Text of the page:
After taking a holiday in August with Lianne, I’ve spent the last three and a half weeks in Cambridge, UK, and have enjoyed it immensely. It’s been refreshing to focus entirely on research, as you can see from my Github green square thingy:
During this stay I’ve had many interesting discussions and ideas, which is the point. Here is a subset of highlights. Some of these may one day lead to interesting finished projects, but others may not:
i) Last year Geraint Lewis suggested I write a book, and I wasn’t too keen on the idea because I was very busy, but now I’ve started. The idea is to demystify and present fundamental Bayesian ideas in a simple way, accessible to any interested reader who is happy to do thinking and arithmetic.
ii) It’s been a number of years since I last worked on quasar microlensing, but I’ve always had in the back of my mind a few ideas for how to do the full inference problem (given the measured fluctuations of some quasar images, infer something about the stars in the lens galaxy, and the quasar source itself, etc). The ideas have been on the backburner for years because I’m out of touch with more recent developments in the field. Anyway, I wanted to suggest this to Nick Bate, who is still in the field. Coincidentally, he had an idea to pitch to me during my visit, which happened to be exactly the same thing. This was one of the best coincidences I can remember!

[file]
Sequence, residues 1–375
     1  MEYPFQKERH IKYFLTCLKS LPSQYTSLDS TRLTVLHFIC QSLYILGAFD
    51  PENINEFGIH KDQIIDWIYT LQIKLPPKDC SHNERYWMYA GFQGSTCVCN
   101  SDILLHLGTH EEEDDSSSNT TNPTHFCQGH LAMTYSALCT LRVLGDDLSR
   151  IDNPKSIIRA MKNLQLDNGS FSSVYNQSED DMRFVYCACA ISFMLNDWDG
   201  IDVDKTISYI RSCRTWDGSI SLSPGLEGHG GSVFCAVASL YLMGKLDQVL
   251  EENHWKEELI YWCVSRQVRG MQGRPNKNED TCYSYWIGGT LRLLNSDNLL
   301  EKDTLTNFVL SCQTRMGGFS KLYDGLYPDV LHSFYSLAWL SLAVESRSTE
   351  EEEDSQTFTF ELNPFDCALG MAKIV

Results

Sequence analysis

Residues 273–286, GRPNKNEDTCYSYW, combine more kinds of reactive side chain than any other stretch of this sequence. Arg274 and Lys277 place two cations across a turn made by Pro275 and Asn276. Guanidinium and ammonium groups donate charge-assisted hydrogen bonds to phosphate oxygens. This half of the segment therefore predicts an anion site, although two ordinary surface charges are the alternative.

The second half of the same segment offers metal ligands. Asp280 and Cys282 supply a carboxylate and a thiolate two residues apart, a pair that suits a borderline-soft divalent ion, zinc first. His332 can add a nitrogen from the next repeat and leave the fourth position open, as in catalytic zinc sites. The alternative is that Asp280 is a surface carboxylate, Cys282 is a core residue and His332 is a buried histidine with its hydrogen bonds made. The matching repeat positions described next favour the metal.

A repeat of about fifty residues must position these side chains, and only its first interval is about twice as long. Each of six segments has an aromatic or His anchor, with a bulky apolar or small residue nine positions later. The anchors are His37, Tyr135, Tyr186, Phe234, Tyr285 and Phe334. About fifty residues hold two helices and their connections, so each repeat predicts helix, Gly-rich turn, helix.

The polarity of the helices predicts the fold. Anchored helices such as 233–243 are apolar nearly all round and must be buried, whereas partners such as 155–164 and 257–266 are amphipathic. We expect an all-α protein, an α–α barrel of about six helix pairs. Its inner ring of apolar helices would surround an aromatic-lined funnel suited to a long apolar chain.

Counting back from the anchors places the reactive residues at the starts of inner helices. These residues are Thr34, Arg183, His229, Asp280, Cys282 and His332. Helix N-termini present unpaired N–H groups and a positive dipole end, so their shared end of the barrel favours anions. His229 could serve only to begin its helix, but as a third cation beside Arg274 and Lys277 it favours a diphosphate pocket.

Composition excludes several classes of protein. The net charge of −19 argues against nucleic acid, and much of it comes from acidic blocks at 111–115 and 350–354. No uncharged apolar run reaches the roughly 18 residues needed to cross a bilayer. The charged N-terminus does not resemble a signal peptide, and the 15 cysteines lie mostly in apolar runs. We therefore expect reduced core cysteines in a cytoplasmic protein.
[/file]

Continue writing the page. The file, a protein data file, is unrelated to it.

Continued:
iii) Various other astronomy chats and data sharing with the folks at the Insitute of Astronomy.
iv) I’ve been discussing various new and old ideas related to Nested Sampling with three Cambridge “theoretical chemists”: Gábor Csányi, Livia B. Pártay, and Robert Baldock. I had met the first two at MaxEnt 2009 and they were my co-authors on Diffusive Nested Sampling. They have been doing fascinating and impressive research on doing classical statistical mechanics from first principles using NS, with applications in materials science. This is an area I’ve been wanting to get into. They have also built up a lot of experience with hard high dimensional sampling issues that make some of our astronomy inference problems look simple by comparison. There’s also a PhD student, Will Handley, working on next-generation NS algorithms at Cavendish. Will wasn’t aware of the chemistry group before but now is — hopefully this leads to some good innovations!
iv) I got to hang out with Steve Gull a few times and learn all sorts of stories about the history of Bayesianism in Cambridge (a lot of which centers around Steve!).